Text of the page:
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Double Indemnity - 1944 Film Noir Classic

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RedRiver
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Re: Double Indemnity - 1944 Film Noir Classic

Postby RedRiver » August 8th, 2011, 7:31 pm

I'm glad nobody challenged my inclusion of THE GLASS KEY. It does have a pretty Andy Hardy ending for a crime story. But the brutal beating of Alan Ladd, the family oriented plot element; that's some pretty dark stuff. Certainly not one of the perfect examples of the genre. But it's closer to noir than anything else.

And I'm not being factitious!

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JackFavell
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Re: Double Indemnity - 1944 Film Noir Classic

Postby JackFavell » August 8th, 2011, 8:21 pm

And it has Joseph Calleia. But not for long. :D

MikeBSG
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Re: Double Indemnity - 1944 Film Noir Classic

Postby MikeBSG » August 9th, 2011, 9:01 am

I think my favorite part of "Double Indemnity" is when Edward G. Robinson tells off his boss, who only knows the insurance business from the front desk. "Have you ever looked at an actuarial table?" Robinson rattles off all the statistics on suicide, how committed, broken down by race and sex, and points out that nobody ever throws themself off the back of a railroad train going 15 miles an hour expecting to kill himself. "We're sunk. We're going to have to pay through the nose."

Robinson has several great speeches in "Double Indemnity," but that is my favorite. My daughter and I used to quote from it as we waited for the school bus to pick her up in the morning. (God, does that make us sound weird.)

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JackFavell
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Re: Double Indemnity - 1944 Film Noir Classic

Postby JackFavell » August 9th, 2011, 11:31 am

Nah, I think it's great! More young film lovers in the world is never a bad thing. :D

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Rita Hayworth
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Re: Double Indemnity - 1944 Film Noir Classic

Postby Rita Hayworth » August 9th, 2011, 11:56 am

MikeBSG wrote:I think my favorite part of "Double Indemnity" is when Edward G. Robinson tells off his boss, who only knows the insurance business from the front desk. "Have you ever looked at an actuarial table?" Robinson rattles off all the statistics on suicide, how committed, broken down by race and sex, and points out that nobody ever throws themself off the back of a railroad train going 15 miles an hour expecting to kill himself. "We're sunk. We're going to have to pay through the nose."

Robinson has several great speeches in "Double Indemnity," but that is my favorite. My daughter and I used to quote from it as we waited for the school bus to pick her up in the morning. (God, does that make us sound weird.)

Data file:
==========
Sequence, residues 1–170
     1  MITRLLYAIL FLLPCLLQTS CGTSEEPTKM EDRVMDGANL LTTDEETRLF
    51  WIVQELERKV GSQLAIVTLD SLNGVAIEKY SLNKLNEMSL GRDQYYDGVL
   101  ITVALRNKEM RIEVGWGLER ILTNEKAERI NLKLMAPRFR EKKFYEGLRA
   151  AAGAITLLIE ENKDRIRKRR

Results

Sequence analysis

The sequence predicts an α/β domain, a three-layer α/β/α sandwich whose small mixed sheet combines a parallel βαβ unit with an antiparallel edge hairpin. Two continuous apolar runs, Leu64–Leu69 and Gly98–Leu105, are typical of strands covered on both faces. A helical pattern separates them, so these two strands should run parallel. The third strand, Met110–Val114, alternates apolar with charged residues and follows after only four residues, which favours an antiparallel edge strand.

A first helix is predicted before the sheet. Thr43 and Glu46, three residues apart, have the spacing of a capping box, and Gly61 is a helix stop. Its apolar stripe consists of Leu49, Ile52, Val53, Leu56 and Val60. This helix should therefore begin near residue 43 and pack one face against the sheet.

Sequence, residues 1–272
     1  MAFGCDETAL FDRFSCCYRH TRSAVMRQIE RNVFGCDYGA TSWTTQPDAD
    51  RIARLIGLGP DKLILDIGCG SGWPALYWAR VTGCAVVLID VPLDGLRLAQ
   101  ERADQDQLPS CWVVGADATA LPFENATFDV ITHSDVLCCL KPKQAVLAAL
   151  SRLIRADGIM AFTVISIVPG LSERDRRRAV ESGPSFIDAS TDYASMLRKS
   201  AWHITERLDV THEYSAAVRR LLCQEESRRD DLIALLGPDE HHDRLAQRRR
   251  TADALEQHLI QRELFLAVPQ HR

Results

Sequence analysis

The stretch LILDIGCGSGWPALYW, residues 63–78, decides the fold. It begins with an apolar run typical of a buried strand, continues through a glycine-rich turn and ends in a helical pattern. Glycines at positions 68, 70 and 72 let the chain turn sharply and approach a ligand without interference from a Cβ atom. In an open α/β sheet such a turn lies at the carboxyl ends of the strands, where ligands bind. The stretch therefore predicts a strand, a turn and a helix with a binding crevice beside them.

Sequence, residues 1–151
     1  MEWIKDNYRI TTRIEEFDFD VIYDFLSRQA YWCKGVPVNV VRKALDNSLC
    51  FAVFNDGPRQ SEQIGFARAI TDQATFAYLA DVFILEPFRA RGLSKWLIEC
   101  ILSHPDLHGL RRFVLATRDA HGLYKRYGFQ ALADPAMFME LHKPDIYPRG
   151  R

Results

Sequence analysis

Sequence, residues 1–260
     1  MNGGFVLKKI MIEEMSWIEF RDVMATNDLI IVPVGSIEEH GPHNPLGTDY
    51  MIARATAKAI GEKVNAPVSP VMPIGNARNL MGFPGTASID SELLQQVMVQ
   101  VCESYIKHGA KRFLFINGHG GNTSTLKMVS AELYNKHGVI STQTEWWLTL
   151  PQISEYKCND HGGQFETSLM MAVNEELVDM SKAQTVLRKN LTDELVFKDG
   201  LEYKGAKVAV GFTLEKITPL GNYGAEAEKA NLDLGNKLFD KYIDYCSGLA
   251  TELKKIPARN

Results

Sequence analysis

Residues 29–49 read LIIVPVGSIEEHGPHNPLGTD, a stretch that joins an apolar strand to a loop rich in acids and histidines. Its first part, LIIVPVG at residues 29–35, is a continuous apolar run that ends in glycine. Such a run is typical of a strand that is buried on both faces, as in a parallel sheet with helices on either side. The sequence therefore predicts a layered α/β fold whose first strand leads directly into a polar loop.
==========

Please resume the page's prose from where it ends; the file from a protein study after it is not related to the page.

MikeBSG ... Me Too! ... the two coolest words "actuarial table" in that scene! ... the second two coolest words are: "We're sunk" too ...

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Vienna
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Re: Double Indemnity - 1944 Film Noir Classic

Postby Vienna » November 19th, 2012, 12:57 pm

I just never took to Fred MacMurray, don't know why,BUT he is so,so good in DOUBLE INDEMNITY. I'm not saying no one else could have played the part, but I doubt anyone could have been better.

RedRiver
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Re: Double Indemnity - 1944 Film Noir Classic

Postby RedRiver » November 19th, 2012, 1:20 pm

Fred was a better actor than the TV generation realizes. The fact that he played adorable dads and diabolical killers illustrates that. He was never better than in Billy Wilder's THE APARTMENT. His ruthless executive is despicable. But the actor plays it with style.

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Rita Hayworth
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Re: Double Indemnity - 1944 Film Noir Classic

Postby Rita Hayworth » November 19th, 2012, 3:39 pm

RedRiver wrote:Fred was a better actor than the TV generation realizes. The fact that he played adorable dads and diabolical killers illustrates that. He was never better than in Billy Wilder's THE APARTMENT. His ruthless executive is despicable. But the actor plays it with style.


But the actor plays it with style! - Beautifully Written ... RedRiver!

Vienna wrote:I just never took to Fred MacMurray, don't know why,BUT he is so,so good in DOUBLE INDEMNITY. I'm not saying no one else could have played the part, but I doubt anyone could have been better.


BUT he is so,so good in DOUBLE INDEMNITY ... I was stunned by his performance in this movie and that is why I started this thread because of Fred MacMurray's performance in this 1944 Film Noir Classic! Thanks for sharing this Vienna


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